Wednesday, December 28, 2016

#3 of 2016 - Where the Light Gets In by Kimberly Williams-Paisley

25852857Where the Light Gets In: Losing My Mother Only to Find Her Again by Kimberly Williams-Paisley
My rating: 5 of 5 stars
Published April 5th 2016 by Crown Archetype

Many know Kimberly Williams-Paisley as the bride in the popular Steve Martin remakes of the Father of the Bride movies, the calculating Peggy Kenter on Nashville, or the wife of country music artist, Brad Paisley. But behind the scenes, Kim was dealing with a tragic secret: her mother, Linda, was suffering from a rare form of dementia that slowly crippled her ability to talk, write and eventually recognize people in her own family.
 
Where the Light Gets In tells the full story of Linda’s illness—called primary progressive aphasia—from her early-onset diagnosis at the age of 62 through the present day. Kim draws a candid picture of the ways her family reacted for better and worse, and how she, her father and two siblings educated themselves, tried to let go of shame and secrecy, made mistakes, and found unexpected humor and grace in the midst of suffering.

Ultimately the bonds of family were strengthened, and Kim learned ways to love and accept the woman her mother became. With a moving foreword by actor and advocate Michael J. Fox,
Where the Light Gets In is a heartwarming tribute to the often fragile yet unbreakable relationships we have with our mothers.




The One That Made Me Think About Life


Six years ago I read the book If I'd Known Then: Women in their 20s and 30s Write Letters to Their Younger Selves, which has a letter written by Kimberley Williams-Paisley (one of the main reasons it caught my attention in the first place) and in the short review I wrote for it I said:

Most of us usually compare our lives to the perfect lives we think these women have, but now we learn that they had some pretty hard times too...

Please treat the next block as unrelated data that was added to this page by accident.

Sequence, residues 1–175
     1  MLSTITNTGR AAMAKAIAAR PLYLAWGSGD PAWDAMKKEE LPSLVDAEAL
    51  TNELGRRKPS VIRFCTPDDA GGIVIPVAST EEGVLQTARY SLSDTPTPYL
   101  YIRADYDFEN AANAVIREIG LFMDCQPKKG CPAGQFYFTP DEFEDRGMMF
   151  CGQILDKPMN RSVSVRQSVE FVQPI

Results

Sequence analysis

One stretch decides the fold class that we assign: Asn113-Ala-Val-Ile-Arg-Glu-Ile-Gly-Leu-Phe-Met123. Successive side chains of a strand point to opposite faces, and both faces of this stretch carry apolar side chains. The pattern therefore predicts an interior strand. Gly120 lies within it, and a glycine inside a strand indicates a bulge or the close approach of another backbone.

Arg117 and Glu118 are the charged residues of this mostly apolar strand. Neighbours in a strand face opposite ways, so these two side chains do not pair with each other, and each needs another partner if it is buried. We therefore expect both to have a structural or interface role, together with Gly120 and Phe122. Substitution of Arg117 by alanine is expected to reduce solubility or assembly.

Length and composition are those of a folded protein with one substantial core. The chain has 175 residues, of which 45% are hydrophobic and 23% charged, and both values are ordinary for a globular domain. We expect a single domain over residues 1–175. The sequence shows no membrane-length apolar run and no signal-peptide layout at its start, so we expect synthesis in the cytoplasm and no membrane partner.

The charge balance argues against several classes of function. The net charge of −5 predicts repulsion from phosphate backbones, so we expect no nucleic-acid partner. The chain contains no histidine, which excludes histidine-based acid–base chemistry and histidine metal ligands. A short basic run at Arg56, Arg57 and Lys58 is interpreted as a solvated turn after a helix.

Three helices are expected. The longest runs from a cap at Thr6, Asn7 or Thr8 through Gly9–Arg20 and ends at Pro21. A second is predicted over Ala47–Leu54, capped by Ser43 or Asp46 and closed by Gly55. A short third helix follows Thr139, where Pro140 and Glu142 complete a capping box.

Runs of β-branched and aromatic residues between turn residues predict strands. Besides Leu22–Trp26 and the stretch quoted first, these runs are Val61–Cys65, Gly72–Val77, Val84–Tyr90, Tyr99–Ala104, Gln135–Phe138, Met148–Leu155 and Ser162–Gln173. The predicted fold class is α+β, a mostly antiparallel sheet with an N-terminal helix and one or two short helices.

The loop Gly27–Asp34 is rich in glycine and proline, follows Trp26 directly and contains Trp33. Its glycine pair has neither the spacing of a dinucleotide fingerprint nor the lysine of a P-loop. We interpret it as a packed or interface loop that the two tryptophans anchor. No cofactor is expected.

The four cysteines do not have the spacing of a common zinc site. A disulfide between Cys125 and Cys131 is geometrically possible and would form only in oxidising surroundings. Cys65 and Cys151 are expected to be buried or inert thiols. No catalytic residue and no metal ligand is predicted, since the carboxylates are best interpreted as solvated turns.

This book is for young woman to realized that they are not alone in what they're feeling or going through.


And that's kind of what Where the Light Gets In is too; the story of someone who has this public image that we never really think to look past of.

It's also a book to let anyone in a similar situation know that they are not alone.

This was written for those people in a similar situation; who probably do feel alone and lost I did see a lot of moments where it's obvious that she felt alone in this. Even though she had her father, siblings and husband; she still had her moments of absolute helplessness. And considering this book was written in hind-sight it made it more heartbreaking because there were probably a few "What ifs?" going through her mind.

I can't even begin to imagine everything she felt. There are so many moments where you can really understand what she was thinking, but even then it's just the tip of the iceberg. Because the rest is something only someone in this situation would wholly understand.

She shares so much of what the entire family went through and all the things they tried to do for her mother. All the things she wished they had done.
Throughout I just kept thinking "This is what it's like to be a daughter/child isn't it?" One day the person you looked to will be looking for you.

Then to decide to share it with the world.


It's simply beautiful, heartbreaking, thought-provoking, inspiring and so much more.
It's life.


8 Months Later:

I'm surprised I managed to get all that out in my review. I said everything I could about this book.



5 Favorite Quotes:

“This is what I came up with: My mother is not only presenting me an opportunity to love unconditionally, she’s also allowing me to practice being comfortable with what is uncomfortable. To grieve and also embrace what is broken. To know that some days I can receive who my mother is now and some days I struggle with it. To allow that two opposing thoughts may exist in my head at the same time.”  

“What’s this like for you?” “It’s hard,” she said, and paused to think for a moment. “But I often find that messy, complicated situations bring people closer than we would be otherwise.”  

“My mother was teaching us not to shy away in the face of a challenge. Not to shrink from what was uncomfortable.” 

“Seek out adventures, she told us. Come back with stories.”  

“Ride the horse in the direction that it’s going.” Instead of wishing for things to be different, choose to embrace the life in front of you.”  

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